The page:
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Trouble Shooter

As oversaturated as the shooter genre would eventually become during the 16-bit era original ideas would still pop up from time to time.   Vik Tokai were one of the first NES supporters to dip their toes in the Sega waters in 1991 and produced a shooter that was definitely different from the rest of its contemporaries as their first project.  Trouble Shooter didn’t reinvent the wheel but used its interesting gameplay hook to become a solid shmup and certainly better than generic trash such as Arrow Flash and Whip Rush.

Trouble Shooter’s anime style theme is what initially drew me to the game.  Although it was released in 1991 I didn’t get around to it until the mid-90s; by that point I had become an anime fan and the similarities between this and series such as Dirty Pair and Gunsmith Cats sparked my interest.  With its typical 80s big hairstyles and wacky plot about a pair of hired guns trying to save a captured prince from a military dictator it could easily have become an OVA during the boom years of the anime industry.

Of course, no one in the US would actually know about any of this due to the god awful box art.  Holy shit, this is Mobile Light Force levels of missing the plot but at least in this case the protagonist’s outfits  somewhat resemble the game.  I would put the game’s lack of popularity partially on its cover but that’s not much of an excuse; Mega Man was far worse and that somehow became an international hit.

Prior to the start of each level you can select one of four special weapons that produce devastating results but has a brief recharging period after each use.  The Blizzard produces a large circular shield, the Lightning Storm rains down thunder from heaven, the Tidal Wave produces a large beam of light that scrolls horizontally and the Avalanche releases a series of missiles straight forward.  Honestly while they are powerful the standard cannon is more than enough once powered up and it’s not as if the special weapons guaranteed to clear the screen.

You take control of both Madison and her sidekick Crystal as they don jetpacks in horizontal shooting action along the lines of Forgotten Worlds but this is much more than copy of Capcom’s game with breasts in tow.  While you have direct control of Madison Crystal is always behind her and can be positioned so that she covers your back or will focus her fire along with yours.  It’s a unique idea and one that works extremely well.

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The levels scroll both vertically and horizontally and so positioning plays a role in dealing with the chaos.  In most cases you can simply leave Crystal targeting your back side but there are definite points where the extra firepower is necessary.  Crystal is invincible so you won’t have to worry about taking cheap hits due to controlling dual heroes.  You can use this to your advantage somewhat but chances are if she’s getting hit you aren’t far behind.  Unlike most shooters the pair are both fairly large so dodging bullets can be harder than normal; thank god you have a life bar which can be extended considerably with points.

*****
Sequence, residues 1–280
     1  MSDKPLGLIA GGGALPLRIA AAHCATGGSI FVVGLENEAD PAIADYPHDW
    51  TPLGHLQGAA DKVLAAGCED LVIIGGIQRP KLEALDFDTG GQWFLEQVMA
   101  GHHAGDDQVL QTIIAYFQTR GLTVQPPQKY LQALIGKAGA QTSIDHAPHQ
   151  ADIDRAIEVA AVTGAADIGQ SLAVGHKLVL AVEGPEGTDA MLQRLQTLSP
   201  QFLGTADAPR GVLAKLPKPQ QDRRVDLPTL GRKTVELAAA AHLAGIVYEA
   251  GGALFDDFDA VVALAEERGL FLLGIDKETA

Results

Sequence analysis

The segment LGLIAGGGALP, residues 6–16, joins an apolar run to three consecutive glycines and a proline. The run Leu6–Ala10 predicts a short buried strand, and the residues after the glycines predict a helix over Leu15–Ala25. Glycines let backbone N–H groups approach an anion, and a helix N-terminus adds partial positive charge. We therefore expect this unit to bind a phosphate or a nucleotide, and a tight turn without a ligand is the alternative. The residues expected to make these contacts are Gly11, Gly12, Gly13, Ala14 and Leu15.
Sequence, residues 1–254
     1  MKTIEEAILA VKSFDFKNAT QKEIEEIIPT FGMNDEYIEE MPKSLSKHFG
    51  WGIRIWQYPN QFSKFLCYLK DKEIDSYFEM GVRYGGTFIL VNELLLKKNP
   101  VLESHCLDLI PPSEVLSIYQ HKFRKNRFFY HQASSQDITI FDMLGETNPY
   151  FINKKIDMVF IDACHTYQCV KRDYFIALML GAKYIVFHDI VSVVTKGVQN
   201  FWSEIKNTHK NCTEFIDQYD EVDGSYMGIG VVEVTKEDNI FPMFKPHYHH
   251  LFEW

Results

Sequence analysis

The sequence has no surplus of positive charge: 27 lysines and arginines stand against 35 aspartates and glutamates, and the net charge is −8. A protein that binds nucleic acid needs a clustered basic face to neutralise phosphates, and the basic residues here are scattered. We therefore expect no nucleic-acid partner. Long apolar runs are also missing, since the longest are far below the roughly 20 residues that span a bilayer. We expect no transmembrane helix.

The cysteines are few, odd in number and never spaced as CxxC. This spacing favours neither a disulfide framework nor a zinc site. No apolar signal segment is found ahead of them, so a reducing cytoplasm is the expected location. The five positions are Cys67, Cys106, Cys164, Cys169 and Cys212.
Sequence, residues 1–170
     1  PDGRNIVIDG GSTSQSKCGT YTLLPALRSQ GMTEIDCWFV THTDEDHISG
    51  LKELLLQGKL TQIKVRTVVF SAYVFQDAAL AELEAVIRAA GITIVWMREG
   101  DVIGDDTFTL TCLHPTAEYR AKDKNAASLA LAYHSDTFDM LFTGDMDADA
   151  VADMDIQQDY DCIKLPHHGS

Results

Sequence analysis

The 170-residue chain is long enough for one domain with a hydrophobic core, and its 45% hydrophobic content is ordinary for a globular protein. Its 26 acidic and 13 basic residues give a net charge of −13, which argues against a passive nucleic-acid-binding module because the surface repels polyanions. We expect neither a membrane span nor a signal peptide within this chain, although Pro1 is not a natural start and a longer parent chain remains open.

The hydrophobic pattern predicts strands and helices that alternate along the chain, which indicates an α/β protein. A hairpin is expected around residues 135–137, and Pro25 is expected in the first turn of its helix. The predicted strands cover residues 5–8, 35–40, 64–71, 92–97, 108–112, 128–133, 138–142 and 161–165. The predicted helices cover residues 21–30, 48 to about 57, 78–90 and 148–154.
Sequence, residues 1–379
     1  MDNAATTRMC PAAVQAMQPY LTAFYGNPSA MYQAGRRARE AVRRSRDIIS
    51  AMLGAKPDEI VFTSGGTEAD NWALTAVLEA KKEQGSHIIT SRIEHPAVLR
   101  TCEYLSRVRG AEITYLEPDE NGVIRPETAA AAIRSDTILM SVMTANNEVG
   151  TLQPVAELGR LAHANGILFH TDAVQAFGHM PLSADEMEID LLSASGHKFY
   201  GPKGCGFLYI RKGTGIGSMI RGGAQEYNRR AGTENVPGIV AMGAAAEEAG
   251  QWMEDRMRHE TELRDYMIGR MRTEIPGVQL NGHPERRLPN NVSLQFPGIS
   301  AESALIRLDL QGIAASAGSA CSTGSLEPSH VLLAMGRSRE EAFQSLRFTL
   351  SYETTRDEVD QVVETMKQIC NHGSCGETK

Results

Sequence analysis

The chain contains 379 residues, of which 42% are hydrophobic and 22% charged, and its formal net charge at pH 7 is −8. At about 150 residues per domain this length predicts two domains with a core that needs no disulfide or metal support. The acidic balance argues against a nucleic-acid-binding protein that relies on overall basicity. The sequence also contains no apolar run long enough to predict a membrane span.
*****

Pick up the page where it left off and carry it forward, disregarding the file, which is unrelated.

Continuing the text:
At six stages Trouble Shooter is shorter than the likes of Thunder Force but you’ll still get your money’s worth as each level is fairly long and just plain weird.  Most of the opposition is composed of mecha of varying sizes, especially the bosses.  The boss of the first stage is a Mazinger style robot who spends the first half of the fight laughing at you and soaking up your hits before taking you seriously.  Stage three takes a page out of R-Type as you fly around a massive battleship and take it apart piece by piece.  The game’s final level is its greatest as it ups the ante; after saving the Prince he fights alongside you.  That’s right, you control all three at the same time for some of the game’s best moments.

In spite of that bit of insanity Trouble Shooter can feel boring at times due to its leisurely pace.  Despite the premise of a battle hungry mercenary and her level headed side kick who attempts to keeps her out of trouble the game can be devoid of any real challenge due to its generous amount of power-ups at every turn.  It almost feels like the developers were aware that the size of the sprites made them large targets since life restoring hearts can be found everywhere.  Even with limited continues I posit that most will be able to complete the game in an hour.

But what an hour it is.  Regardless of the ease of completion Trouble Shooter is still an entertaining title that can be found cheaply.  It laid a solid foundation for it’s much improved sequel but unless you’re have large sums of disposable income you can’t afford it.